The unrelenting monster that is sexism has stood the test of time and remains a dead weight on the lives of millions of girls and women the world over.  I think it’s time that we pause—if only for a nanosecond—between the fast-paced reality of our times to consider the reason as to why boys feel comfortable enough to reveal their opinions about why girls who sext are considered “slutty,” yet fall short at expressing the ways in which they may influence girls’ behaviours or make suggestive comments about boys’ sexting being thought of as easy or promiscuous.

As a mother of two young boys, who is all too aware of the realities of sexism, I do my due diligence to ensure that I’m raising sons who will know to respect and honour women, much in the same way that I will teach to accept nothing less than that in return. The sexting issue is not a stand-alone issue; it’s a societal issue that requires not only parents to tackle but, society as a whole. That means teachers, grandparents, aunties and uncles all need to be involved in the raising of boys into men within our respective communities, not accepting the least bit even hints at double standards around sexual expectations, innuendo or promiscuity. What’s good for the goose should surely be good for the gander? If it isn’t then, don’t talk about it…period.

Chime in: what are your thoughts on teens and the sexting phenomenon? Do you believe this issue to be something new or the result of the unresolved issue of sexism?

Nikki is an educator and writer, whose musings cover broad-based topics including but, not limited to: cultural criticism, politics, education, health, love and relationships. You can follow her on Twitter @artculturemusic.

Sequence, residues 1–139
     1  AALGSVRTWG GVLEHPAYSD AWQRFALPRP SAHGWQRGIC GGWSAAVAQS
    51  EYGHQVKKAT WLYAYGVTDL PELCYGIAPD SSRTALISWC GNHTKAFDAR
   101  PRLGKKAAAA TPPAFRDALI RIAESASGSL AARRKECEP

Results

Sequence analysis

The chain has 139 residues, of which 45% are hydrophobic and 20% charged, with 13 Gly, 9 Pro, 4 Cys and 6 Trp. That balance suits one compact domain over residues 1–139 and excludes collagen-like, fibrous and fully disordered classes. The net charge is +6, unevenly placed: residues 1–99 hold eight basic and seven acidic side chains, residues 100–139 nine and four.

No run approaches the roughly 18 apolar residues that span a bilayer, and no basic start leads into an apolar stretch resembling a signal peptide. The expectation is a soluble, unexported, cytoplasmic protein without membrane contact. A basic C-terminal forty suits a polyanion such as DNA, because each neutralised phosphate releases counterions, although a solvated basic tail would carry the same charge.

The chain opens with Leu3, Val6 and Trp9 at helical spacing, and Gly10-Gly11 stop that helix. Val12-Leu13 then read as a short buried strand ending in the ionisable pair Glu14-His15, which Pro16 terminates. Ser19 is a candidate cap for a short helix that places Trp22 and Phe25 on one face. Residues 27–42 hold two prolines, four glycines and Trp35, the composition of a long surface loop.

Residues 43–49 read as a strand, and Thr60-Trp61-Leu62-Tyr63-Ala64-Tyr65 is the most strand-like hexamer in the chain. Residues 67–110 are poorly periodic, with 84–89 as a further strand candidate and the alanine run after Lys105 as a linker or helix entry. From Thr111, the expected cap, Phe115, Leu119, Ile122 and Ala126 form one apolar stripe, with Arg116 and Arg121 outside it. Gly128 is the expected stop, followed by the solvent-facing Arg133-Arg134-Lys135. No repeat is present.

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  • “what are your thoughts on teens and the sexting phenomenon? Do you believe this issue to be something new or the result of the unresolved issue of sexism?”

    A: No, it is not new. How about we stop setting double standards for daughters versus the sons? After all, look at the way that mother treat their sons versus daughters. As the saying goes, “mothers love their sons, but raise their daughters”. In this case, some parents will tell their sons to go out there and have relationships, but protect themselves. However, they will tell their daughters to close their legs. So, should it be a surprise that some boys feel entitled while some girls feel pressured?

    • Eduardo

      On the same topic of double standards, I wonder how many mothers would tell their daughters to “go out there and have relationships, but protect themselves.”

  • G

    Wow! So many problems within this one issue!

    I know some many well meaning and loving adults, who don’t even have full grasp of the social media technology . . . if the responsible adults don’t text or receive text . . . if responsible the adults don’t have a FB account or understand FB or any other socail media for that matter . . . whatever guidance they can give is mute.

    Then there are the girls believe the boys who profess to “like” them (a dangerous
    perception at best) are trustworthy, so “he would never send MY sext to
    his friends” . . . when that maybe the boys intention all along.

    On top of the fact, I find American women, have very little understanding of men. Which means, well meaning advice may not be suited to the needs of teenage girls. Then there is the teenage boy. Testosterone driven by the others in the “wolf pack” (or the pack he wishes to be part of), to do these dirty deeds!

  • Sexting now, is just as bad as the pressure to have sex a girl is damned if she do, damned if she don’t. The difference with sexting is that there’s now evidence. A woman, of any age, should never sext unless it’s with your husband or someone you trust 1000%. Who knows whose eyes have seen what you read or sent. It starts with the parents though, they need to explain to their sons and daughters that it’s not okay and the negative consequences that come along with it.